Congress implemented the Bankruptcy Abuse Prevention and Consumer Protection Act of 2005 (“BAPCPA”) to strengthen the integrity of the bankruptcy system and combat what was perceived to be fraud and abuse. The act implemented new standards to determine whether an individual was eligible for Chapter 7 or Chapter 13, allowed the trustees to target and supervise audits to determine the accuracy of a debtor’s Chapter 7 documents, provided for certification of credit counselors and financial educators, and enhanced the oversight of small business Chapter 11 reorganization.
One of the biggest changes made to the Bankruptcy Code by BAPCPA is the inclusion of the “means test” for consumer cases. The means test is used to determine whether a presumption of abuse exists in cases filed under Chapter 7. A Chapter 7 case can be dismissed for abuse. In other words, the means test is designated to identify debtors who can afford to make payments to creditors and prevent them from filing a Chapter 7 bankruptcy case. Thus, one of the primary reasons Congress enacted BAPCPA was to limit abuse by consumer debtors and reform the bankruptcy system.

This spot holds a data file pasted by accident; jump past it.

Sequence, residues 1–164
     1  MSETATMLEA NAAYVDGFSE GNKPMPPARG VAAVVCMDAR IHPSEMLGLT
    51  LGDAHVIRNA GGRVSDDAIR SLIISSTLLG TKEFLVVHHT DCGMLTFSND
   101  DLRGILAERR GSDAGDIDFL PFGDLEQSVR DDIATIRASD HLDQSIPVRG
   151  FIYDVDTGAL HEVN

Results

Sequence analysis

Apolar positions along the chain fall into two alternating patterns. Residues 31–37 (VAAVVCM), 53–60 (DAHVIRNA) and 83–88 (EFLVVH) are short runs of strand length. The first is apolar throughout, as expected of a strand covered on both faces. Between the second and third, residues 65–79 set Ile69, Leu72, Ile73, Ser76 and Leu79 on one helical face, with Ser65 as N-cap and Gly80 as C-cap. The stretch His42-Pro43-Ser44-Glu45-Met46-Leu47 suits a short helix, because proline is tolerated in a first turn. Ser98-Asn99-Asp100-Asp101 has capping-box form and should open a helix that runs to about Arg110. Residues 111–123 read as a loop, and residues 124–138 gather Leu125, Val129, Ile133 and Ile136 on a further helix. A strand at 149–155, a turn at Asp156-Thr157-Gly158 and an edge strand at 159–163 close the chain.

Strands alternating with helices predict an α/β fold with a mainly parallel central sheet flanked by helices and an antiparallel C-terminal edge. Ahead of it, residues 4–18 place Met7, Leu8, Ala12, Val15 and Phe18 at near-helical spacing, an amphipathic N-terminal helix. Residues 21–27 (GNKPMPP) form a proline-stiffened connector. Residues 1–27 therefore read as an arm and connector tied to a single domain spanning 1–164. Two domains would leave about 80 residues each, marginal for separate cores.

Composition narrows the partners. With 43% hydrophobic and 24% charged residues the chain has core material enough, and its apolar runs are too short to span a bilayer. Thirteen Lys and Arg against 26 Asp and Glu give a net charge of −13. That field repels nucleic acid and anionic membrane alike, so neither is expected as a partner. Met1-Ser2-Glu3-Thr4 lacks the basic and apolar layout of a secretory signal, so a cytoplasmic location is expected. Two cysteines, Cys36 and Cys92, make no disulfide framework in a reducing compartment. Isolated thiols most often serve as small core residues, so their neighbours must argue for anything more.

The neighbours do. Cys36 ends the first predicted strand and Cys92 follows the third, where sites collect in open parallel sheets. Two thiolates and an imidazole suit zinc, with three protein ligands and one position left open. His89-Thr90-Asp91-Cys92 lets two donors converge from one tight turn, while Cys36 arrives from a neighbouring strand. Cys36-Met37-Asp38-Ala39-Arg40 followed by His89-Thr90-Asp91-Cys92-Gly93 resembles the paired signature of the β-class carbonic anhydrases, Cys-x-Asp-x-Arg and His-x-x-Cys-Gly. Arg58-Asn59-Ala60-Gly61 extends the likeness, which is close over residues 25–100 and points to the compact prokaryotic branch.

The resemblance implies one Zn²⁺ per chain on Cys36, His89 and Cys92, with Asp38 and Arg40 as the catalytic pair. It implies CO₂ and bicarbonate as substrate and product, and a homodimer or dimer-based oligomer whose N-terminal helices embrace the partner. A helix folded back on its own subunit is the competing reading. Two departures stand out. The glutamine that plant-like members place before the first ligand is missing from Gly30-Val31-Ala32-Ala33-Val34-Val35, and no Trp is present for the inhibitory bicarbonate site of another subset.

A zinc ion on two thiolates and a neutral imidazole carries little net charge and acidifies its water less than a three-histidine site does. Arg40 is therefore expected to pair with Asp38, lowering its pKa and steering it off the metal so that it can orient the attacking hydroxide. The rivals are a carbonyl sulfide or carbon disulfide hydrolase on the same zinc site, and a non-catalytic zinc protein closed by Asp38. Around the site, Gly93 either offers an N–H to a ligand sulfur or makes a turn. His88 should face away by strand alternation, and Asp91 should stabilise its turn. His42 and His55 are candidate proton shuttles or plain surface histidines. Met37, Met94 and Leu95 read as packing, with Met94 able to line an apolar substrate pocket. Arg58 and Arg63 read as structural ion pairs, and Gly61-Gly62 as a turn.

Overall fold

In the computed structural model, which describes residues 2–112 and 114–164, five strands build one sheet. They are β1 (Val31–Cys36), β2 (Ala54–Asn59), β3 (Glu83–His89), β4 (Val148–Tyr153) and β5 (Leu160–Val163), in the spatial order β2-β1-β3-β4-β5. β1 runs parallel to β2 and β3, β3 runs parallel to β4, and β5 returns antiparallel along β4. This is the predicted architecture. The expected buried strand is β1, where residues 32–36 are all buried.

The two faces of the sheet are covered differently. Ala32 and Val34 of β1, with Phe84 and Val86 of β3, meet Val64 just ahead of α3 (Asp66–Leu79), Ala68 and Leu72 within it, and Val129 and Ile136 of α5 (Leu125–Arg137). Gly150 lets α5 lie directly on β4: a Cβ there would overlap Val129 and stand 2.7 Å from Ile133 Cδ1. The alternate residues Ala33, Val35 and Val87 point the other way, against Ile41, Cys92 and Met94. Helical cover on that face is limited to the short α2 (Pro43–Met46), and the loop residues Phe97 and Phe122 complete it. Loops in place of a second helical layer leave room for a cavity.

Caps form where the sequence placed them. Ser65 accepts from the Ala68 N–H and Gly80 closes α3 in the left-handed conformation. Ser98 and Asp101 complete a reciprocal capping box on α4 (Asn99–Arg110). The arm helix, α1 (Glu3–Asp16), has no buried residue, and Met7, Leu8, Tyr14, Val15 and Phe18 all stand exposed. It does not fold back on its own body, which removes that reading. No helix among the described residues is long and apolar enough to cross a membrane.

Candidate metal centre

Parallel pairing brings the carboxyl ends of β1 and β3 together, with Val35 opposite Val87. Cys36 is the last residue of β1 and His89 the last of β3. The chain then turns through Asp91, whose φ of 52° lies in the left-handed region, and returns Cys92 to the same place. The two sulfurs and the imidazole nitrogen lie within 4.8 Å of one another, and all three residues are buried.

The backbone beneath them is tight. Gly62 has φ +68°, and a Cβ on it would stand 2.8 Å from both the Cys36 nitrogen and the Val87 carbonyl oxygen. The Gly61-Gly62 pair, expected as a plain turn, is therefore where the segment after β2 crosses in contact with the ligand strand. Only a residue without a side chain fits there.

BAPCPA also requires anyone filing for bankruptcy to seek professional credit counseling before filing and debtor’s education after filing. The Federal Trade Commission provides a review of issues to consider before signing with a counseling or education service. Primarily, the counseling and debtor education agency must be approved by the Department of Justice Trustees program. Fee waivers may be requested, and debtors must acquire a certificate of completion for both courses.